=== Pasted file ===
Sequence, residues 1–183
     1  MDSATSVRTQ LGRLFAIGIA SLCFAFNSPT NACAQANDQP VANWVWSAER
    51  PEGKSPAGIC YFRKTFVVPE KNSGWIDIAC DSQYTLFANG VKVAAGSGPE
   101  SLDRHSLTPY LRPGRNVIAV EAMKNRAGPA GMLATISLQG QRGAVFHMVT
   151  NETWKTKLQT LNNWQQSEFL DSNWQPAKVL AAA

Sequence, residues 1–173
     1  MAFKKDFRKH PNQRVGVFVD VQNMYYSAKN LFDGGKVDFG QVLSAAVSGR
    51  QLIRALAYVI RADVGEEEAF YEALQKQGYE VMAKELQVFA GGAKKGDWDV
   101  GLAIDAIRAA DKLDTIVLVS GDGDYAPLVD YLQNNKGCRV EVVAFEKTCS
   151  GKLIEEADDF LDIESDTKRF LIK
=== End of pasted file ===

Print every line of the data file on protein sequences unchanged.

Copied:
Sequence, residues 1–183
     1  MDSATSVRTQ LGRLFAIGIA SLCFAFNSPT NACAQANDQP VANWVWSAER
    51  PEGKSPAGIC YFRKTFVVPE KNSGWIDIAC DSQYTLFANG VKVAAGSGPE
   101  SLDRHSLTPY LRPGRNVIAV EAMKNRAGPA GMLATISLQG QRGAVFHMVT
   151  NETWKTKLQT LNNWQQSEFL DSNWQPAKVL AAA

Sequence, residues 1–173
     1  MAFKKDFRKH PNQRVGVFVD VQNMYYSAKN LFDGGKVDFG QVLSAAVSGR
    51  QLIRALAYVI RADVGEEEAF YEALQKQGYE VMAKELQVFA GGAKKGDWDV
   101  GLAIDAIRAA DKLDTIVLVS GDGDYAPLVD YLQNNKGCRV EVVAFEKTCS
   151  GKLIEEADDF LDIESDTKRF LIK